NFU campaign to stop dog attacks on livestock

The NFU has launched a campaign to cut the number of dog attacks on livestock after cases of sheep and cattle worrying reached record levels.

About £1m-worth of damage was caused on farms last year after more than 700 attacks by dogs on livestock.

The number of people being killed or injured after being trampled by cows has also shown an increase in recent years.

The rising number of incidents has led the NFU to launch its ‘Love your Countryside’ campaign to explain how to enjoy the countryside responsibly.

Setting out simple guidelines for the 3.6bn tourists who visit the British countryside each year, the campaign offers tips to keep people and livestock safe.

Advice includes avoiding getting between cows and their calves and keeping any dogs close and under control around sheep and cattle.

Dog walkers should also let go of their dogs if they felt threatened by cattle.

Surrey farmer and NFU South East livestock board member Hugh Broom, who lost 60 sheep over three months, said livestock worrying was entirely preventable.

“Many owners do act responsibly and control their dogs, but when they don’t the consequences can be awful,” he said.

“Attacks on our animals cause untold suffering and horrendous injuries, which often results in them having to be put down. 

“We must work to help people understand the damage that can be done as sadly, with more and more attacks happening, the message doesn’t seem to be hitting home with some dog owners.”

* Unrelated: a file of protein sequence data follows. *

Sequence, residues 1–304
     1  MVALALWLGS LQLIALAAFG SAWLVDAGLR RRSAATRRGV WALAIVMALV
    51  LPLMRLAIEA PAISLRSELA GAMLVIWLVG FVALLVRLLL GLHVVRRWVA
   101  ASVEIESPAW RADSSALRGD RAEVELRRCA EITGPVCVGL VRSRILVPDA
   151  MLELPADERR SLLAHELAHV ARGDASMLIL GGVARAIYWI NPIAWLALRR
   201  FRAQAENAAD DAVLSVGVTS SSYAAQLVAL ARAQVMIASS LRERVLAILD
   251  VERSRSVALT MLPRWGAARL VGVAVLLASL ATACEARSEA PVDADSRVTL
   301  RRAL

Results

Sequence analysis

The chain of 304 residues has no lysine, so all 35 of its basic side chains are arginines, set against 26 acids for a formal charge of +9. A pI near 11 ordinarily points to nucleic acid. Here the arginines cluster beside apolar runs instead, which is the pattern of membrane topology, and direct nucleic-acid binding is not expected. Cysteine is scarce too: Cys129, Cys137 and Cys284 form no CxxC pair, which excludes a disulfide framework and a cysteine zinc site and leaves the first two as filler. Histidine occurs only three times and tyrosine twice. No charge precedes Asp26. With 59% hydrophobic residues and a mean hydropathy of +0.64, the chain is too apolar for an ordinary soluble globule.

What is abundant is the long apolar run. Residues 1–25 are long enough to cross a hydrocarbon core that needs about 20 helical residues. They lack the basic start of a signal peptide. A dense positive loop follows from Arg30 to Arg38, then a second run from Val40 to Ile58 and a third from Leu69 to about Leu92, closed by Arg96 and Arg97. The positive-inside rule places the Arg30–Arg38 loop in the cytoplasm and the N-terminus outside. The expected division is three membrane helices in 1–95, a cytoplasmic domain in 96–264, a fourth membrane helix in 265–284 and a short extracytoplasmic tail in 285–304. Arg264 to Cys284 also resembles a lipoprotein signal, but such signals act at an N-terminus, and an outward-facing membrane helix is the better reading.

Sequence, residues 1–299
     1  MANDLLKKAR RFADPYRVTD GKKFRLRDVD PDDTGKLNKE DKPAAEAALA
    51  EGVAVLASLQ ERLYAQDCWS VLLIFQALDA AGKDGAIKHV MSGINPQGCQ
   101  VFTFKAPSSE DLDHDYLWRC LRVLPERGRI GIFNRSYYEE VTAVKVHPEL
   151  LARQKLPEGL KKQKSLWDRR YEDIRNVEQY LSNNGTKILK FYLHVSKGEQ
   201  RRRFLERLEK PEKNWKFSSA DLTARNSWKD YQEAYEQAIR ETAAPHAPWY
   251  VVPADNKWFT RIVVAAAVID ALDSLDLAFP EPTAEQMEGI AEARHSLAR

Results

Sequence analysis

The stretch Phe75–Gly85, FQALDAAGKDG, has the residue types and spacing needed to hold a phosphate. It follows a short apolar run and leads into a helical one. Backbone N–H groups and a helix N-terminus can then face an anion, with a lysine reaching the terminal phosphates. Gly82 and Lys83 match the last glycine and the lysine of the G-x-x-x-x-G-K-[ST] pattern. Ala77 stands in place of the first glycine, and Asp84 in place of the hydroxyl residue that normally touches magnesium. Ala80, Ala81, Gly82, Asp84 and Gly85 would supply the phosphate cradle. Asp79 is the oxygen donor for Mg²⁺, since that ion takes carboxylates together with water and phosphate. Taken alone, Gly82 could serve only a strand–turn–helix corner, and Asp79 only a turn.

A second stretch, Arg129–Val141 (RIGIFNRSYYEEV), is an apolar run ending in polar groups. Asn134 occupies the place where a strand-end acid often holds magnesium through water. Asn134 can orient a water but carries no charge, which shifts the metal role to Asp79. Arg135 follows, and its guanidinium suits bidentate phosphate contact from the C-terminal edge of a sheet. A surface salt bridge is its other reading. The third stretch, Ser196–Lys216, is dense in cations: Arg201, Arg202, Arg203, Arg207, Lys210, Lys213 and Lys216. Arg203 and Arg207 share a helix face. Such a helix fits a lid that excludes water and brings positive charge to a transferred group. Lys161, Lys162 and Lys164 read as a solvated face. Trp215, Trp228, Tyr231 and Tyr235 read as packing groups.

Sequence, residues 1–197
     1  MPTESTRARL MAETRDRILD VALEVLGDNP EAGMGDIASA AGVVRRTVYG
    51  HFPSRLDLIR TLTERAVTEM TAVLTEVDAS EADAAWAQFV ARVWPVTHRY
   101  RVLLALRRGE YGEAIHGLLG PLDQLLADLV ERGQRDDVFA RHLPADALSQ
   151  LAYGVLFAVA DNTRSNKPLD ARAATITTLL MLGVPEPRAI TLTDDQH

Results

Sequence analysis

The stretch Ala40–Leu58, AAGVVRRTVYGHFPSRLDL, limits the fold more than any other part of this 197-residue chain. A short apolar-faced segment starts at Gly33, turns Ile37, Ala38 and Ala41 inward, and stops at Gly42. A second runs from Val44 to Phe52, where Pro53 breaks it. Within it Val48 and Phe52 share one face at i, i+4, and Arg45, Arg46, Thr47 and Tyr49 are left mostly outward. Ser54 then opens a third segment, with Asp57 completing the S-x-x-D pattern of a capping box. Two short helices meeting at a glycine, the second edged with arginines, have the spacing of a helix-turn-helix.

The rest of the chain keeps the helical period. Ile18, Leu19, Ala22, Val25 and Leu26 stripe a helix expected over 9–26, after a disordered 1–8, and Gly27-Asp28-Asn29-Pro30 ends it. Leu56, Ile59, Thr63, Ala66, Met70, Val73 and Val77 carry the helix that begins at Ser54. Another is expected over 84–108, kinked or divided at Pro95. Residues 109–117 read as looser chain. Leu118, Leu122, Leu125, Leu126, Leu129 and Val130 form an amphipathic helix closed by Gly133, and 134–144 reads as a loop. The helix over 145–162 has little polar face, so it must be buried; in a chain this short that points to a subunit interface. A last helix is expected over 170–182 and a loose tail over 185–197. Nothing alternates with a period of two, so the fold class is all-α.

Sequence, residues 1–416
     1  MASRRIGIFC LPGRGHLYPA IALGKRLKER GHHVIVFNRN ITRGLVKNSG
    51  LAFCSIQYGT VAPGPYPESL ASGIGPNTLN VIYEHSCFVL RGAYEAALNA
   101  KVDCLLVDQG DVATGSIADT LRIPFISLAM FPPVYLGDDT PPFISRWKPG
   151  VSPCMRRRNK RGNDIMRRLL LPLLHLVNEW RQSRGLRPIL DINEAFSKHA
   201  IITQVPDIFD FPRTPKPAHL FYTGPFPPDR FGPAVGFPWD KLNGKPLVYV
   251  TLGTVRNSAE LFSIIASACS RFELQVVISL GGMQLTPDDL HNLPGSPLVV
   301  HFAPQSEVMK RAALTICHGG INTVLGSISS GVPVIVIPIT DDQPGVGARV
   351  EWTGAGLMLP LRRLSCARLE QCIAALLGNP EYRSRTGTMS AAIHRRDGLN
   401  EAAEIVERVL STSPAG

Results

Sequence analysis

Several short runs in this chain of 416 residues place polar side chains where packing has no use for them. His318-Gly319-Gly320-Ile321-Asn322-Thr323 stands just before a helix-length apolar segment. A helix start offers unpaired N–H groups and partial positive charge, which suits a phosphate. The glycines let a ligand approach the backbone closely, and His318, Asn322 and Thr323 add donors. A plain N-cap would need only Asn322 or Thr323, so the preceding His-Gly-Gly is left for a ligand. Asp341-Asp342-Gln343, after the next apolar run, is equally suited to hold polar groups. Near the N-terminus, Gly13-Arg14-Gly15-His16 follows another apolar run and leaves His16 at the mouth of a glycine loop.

Charles Sercombe, NFU livestock board chairman, said it was important vistoris to the countryside were mindful of their surroundings and took care.

“The countryside is a beautiful place to walk in, however it is maintained this way because it is working environment where animals graze,” he said. 

“Farmers also have a responsibility as to the safety of the animals in the fields and they take that responsibility seriously.  

“But we would urge anyone using the countryside to be sympathetic to farm animals rearing their young and give them space.”

Last year the National Sheep Association set up a service to record incidents of sheep worrying by dogs in an effort to highlight areas of incidence encourage responsible behaviour by dog owners.

The database recorded more than 100 calls in its first three weeks.

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